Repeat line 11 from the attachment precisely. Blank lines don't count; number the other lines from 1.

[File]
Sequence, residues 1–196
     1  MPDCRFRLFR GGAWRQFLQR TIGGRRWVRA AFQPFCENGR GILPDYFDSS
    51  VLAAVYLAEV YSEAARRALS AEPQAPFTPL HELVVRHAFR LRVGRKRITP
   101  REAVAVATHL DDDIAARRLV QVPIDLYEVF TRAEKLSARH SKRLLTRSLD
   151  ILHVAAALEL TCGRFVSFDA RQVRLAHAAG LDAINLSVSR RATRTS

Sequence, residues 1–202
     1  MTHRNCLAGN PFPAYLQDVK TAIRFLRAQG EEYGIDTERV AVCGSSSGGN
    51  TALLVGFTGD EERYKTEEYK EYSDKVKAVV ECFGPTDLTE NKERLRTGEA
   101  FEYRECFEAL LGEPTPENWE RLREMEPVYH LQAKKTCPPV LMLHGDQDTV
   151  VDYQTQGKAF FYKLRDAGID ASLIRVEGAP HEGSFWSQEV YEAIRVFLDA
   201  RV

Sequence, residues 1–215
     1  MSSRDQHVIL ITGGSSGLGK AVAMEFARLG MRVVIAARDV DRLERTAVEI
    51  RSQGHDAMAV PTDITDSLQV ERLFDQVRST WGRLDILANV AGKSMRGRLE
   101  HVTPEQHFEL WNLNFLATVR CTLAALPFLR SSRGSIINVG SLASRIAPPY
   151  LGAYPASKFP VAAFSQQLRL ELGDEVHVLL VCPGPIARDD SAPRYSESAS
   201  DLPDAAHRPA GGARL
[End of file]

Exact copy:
   201  RV